I was getting my fix of NHL news today on the internet and came across this article about Max Domi…NHL star player with T1D. Son of an NHL star.
The article summarizes some of his decision factors when the NHL restarts. He’s an interesting young man, diagnosed at age 12. His perspective on thriving with T1D is honest and inspirational. Any parents out there looking for an honest and inspirational book for a youngster or teen might want to check out his book. It’s got great reviews so I went ahead and ordered it today to inspire my young at heart self. The title (“No Days Off”) hits home.
@John58, you might be of the right vintage to know this guy.
He was my hero when I was first diagnosed. I got an autographed picture of him when I was a boy. I still have it.
This was before pumps, before CGM, before BG meters, rapid insulin, or any of that. The only basal insulin was NPH. The only mealtime insulin was pork or beef!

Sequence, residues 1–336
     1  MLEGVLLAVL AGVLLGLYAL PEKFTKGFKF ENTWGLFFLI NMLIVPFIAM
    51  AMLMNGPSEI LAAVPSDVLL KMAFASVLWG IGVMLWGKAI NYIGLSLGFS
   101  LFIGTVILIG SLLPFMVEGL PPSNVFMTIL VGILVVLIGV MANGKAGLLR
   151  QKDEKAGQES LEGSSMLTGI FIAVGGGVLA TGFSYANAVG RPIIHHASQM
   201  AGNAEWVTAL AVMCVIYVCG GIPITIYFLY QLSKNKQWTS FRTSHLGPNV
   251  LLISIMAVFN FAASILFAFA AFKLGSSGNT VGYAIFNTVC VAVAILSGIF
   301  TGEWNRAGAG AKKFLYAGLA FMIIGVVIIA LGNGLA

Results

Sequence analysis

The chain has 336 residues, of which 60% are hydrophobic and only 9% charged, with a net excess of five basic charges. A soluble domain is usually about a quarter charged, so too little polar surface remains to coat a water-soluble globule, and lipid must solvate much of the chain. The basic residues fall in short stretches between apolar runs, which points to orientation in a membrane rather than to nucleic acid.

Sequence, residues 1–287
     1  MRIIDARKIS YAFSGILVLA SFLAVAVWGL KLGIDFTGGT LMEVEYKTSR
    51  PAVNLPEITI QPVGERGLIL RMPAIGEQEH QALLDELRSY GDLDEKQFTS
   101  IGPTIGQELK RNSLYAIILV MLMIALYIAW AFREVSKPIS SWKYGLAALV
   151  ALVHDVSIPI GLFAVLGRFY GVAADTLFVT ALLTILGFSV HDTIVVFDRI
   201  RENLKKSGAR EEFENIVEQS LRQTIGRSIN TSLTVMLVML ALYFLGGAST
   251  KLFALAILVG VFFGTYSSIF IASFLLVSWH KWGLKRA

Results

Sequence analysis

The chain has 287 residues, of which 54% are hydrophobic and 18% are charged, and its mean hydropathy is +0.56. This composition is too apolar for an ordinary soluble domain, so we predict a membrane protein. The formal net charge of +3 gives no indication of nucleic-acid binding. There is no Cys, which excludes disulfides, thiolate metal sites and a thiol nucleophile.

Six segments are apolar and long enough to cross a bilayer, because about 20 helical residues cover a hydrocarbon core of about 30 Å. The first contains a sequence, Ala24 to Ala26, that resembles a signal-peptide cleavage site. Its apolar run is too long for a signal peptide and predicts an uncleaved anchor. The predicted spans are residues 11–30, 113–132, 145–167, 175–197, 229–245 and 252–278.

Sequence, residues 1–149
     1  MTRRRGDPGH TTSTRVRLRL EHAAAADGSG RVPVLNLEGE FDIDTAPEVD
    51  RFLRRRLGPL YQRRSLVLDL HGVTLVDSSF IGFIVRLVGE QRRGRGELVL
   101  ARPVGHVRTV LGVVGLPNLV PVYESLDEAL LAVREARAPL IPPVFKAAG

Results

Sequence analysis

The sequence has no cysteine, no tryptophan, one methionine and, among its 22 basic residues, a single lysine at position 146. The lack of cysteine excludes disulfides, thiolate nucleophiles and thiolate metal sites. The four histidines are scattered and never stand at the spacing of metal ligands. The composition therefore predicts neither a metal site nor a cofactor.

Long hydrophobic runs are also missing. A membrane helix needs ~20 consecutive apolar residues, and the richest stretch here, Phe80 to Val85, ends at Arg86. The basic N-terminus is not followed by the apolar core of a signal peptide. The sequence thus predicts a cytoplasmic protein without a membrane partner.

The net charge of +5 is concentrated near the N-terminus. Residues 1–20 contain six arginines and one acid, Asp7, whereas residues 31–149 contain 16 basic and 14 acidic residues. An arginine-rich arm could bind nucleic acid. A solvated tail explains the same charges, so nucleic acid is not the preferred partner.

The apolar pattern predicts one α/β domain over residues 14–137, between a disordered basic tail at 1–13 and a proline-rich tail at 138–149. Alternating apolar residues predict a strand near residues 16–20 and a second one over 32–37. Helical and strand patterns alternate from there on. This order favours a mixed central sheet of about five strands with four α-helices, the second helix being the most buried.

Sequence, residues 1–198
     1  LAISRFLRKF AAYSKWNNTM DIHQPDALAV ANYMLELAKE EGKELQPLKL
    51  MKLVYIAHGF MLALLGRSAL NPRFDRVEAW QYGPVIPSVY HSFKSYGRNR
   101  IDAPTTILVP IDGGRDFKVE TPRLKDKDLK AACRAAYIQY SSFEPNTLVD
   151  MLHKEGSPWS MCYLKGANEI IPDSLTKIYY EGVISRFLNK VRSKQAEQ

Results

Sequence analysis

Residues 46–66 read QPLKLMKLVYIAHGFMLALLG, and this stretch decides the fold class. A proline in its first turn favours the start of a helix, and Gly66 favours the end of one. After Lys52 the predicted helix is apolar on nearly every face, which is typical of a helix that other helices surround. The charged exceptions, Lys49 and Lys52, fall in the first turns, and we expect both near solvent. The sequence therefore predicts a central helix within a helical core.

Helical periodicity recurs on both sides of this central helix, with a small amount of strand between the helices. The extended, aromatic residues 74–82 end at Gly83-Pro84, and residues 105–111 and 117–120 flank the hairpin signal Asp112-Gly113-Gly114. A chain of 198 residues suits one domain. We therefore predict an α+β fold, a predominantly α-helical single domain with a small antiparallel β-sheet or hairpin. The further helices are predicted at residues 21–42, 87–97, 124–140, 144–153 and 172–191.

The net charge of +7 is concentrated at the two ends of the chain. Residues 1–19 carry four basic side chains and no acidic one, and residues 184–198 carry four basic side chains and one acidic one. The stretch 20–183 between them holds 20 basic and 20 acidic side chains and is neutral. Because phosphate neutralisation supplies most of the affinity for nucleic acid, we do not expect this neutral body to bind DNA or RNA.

He won the Cup 2 years after I was diagnosed.
In the 1970s all diabetic children in Canada were told about Bobby Clarke, how he was an example that nothing was stopping us from following our dreams. He’s still the first name you usually hear when someone says “Name a famous Canadian diabetic.”
Indeed, although in my pre-teen years I idolized Bobby Orr the most. Max credits a conversation with Bobby Clarke as a huge motivator after his diagnosis. Hockey is a special sport and really hooks people. While playing, there is instant correlation of effort and result with almost every stride. You can feel it when you’re not pushing hard and you can see it as your opponent darts past you. I think that correlation is one thing (of many) that helps these pros excel while battling BG control…the reward for keeping your BG in range is felt and sensed with every stride.